How Long Does it Take to Get A Trademark Registered?

Trademark applications with the USPTO that have no conflicting marks and that meet all the legal requirements (including containing an acceptable specimen of the mark in actual use) may register in as little as 7-8 months. The 2015 average time to registration or abandonment was 10.1 months.

The status message   APPROVED FOR PUB - PRINCIPAL REGISTER appears about 4 months before the mark registers for a use-in-commerce mark that is not opposed. The status message ALLOWED PRINCIPAL REGISTER - SOU ACCEPTED for intent-to-use applications appears about 6 weeks before the mark will register.

Trademark applications with conflicting marks or other issues may require significant legal work and time to resolve the problems. The time to registration or abandonment may be years.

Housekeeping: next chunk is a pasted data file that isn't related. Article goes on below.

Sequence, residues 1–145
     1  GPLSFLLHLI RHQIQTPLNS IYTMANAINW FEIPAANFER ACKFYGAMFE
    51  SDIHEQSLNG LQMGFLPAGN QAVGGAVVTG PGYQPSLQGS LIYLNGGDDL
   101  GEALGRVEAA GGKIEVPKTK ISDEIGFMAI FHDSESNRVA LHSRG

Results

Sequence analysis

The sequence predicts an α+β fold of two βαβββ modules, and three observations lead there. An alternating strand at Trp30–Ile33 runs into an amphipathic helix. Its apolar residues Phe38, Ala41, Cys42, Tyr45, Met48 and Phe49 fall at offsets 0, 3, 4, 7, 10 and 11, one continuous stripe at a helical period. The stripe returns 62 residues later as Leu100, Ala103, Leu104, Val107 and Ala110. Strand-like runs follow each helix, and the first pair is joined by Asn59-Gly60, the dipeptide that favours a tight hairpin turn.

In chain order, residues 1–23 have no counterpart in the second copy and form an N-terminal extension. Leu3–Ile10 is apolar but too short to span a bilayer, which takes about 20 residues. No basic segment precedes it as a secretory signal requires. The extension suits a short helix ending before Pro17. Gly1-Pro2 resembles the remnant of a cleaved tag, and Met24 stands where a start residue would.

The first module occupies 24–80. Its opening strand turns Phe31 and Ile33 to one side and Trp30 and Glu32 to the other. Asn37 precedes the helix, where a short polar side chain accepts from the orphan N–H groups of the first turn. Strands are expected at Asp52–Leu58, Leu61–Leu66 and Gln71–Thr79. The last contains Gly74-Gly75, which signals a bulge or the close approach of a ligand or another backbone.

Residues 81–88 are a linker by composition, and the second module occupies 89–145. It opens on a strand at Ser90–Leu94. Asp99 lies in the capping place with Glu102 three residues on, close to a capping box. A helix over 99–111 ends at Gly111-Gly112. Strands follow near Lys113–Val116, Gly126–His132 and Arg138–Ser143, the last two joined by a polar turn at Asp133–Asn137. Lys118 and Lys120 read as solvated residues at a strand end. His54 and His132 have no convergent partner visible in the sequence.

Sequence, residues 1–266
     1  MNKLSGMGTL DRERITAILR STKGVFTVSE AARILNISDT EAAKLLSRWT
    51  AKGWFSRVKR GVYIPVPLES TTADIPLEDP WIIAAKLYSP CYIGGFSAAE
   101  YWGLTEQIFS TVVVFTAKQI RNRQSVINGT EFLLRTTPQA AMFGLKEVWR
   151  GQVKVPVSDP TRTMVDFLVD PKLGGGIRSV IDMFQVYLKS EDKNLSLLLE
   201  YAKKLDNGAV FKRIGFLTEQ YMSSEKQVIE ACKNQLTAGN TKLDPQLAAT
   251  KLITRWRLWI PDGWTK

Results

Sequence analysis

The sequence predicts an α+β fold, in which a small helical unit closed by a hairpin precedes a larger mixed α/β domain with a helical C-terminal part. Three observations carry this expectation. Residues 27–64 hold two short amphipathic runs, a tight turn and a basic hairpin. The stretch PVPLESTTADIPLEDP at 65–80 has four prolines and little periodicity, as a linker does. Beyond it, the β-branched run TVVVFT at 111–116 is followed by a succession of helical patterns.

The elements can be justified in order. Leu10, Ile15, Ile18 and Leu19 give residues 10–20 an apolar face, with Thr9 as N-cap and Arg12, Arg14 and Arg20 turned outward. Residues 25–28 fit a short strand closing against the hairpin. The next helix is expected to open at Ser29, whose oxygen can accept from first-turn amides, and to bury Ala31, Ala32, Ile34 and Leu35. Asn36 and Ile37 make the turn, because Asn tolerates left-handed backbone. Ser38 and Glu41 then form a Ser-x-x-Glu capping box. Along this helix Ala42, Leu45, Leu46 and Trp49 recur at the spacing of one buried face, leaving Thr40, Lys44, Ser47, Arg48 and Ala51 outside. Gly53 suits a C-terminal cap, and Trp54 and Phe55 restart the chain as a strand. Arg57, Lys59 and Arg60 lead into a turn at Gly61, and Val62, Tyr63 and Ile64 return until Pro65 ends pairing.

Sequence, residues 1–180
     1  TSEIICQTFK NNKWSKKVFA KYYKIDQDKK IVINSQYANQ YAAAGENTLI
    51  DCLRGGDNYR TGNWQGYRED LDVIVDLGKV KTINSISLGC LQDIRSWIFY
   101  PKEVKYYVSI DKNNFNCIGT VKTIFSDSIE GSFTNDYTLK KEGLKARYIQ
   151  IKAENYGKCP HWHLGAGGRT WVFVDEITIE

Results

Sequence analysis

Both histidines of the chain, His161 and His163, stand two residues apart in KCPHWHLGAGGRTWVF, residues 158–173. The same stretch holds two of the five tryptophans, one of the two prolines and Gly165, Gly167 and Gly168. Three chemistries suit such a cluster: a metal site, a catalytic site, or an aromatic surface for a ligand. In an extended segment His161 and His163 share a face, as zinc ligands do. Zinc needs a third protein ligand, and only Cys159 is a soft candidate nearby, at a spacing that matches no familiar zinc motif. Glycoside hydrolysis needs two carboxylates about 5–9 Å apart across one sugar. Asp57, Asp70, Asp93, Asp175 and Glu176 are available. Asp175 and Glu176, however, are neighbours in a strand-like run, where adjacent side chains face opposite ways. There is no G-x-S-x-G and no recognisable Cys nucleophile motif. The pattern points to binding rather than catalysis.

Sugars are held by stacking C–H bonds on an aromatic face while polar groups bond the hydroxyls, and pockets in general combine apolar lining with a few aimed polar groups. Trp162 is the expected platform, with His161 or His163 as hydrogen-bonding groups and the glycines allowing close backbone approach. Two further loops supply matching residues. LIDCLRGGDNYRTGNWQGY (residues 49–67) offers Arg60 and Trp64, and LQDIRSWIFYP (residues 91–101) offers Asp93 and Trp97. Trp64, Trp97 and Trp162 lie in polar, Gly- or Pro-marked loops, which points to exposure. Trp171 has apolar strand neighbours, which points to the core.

Abandonment (from USPTO Glossary)-A trademark application that has been declared abandoned is "dead" and no longer pending. Abandonment occurs under several circumstances. The most common reason is when the USPTO does not receive a response to an Office Action letter from an applicant within 6 months from the date the Office action letter was mailed. Another instance is when the USPTO does not receive a Statement of Use (or request for an extension of time to file a statement of use) from an applicant within 6 months from the issuance of a Notice of Allowance). Applications abandoned for failure to respond to an Office Action or a Notice of Allowance can be revived or reinstated in certain circumstances.

What does APPROVED FOR REGISTRATION SUPPLEMENTAL REGISTER mean? Applications on the Supplemental Register do not publish for opposition but still go through the final Official Gazette publication process. This message appears about 8 weeks before the mark registers (and publishes).